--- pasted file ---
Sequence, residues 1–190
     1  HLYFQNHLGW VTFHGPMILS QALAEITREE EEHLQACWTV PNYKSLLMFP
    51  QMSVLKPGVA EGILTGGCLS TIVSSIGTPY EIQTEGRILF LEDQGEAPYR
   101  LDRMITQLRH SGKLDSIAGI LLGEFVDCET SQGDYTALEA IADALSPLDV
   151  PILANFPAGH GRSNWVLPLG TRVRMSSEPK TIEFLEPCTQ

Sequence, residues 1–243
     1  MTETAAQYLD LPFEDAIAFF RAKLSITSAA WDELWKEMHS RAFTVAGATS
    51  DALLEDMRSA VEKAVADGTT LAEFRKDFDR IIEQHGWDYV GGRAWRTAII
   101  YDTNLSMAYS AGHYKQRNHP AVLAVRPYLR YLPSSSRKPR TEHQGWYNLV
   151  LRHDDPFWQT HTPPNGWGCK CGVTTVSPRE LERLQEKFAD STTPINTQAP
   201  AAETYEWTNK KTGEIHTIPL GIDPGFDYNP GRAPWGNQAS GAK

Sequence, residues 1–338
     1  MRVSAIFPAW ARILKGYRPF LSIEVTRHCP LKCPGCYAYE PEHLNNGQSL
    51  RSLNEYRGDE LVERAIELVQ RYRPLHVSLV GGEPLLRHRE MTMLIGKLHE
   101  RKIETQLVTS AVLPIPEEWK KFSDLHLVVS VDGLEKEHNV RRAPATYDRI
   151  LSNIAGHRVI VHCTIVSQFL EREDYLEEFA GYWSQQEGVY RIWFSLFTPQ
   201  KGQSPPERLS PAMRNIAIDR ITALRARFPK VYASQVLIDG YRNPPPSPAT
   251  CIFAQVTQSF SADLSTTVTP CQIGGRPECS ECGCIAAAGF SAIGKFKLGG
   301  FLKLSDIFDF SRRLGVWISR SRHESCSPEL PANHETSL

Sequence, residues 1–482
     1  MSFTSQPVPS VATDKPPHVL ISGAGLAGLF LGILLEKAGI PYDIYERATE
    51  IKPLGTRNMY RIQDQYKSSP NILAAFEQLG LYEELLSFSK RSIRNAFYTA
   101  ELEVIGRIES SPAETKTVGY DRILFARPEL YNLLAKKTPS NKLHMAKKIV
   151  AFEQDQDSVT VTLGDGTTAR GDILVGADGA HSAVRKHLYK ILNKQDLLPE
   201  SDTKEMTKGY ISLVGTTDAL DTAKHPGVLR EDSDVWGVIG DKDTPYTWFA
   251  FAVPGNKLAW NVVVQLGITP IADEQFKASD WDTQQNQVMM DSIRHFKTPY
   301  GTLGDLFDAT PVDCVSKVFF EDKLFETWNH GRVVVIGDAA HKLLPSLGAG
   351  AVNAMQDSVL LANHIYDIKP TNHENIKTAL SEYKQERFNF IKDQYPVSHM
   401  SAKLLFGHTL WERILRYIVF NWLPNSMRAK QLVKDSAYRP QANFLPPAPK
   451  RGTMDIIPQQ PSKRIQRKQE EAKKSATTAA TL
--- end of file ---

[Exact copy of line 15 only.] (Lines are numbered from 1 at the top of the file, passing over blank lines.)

   101  RKIETQLVTS AVLPIPEEWK KFSDLHLVVS VDGLEKEHNV RRAPATYDRI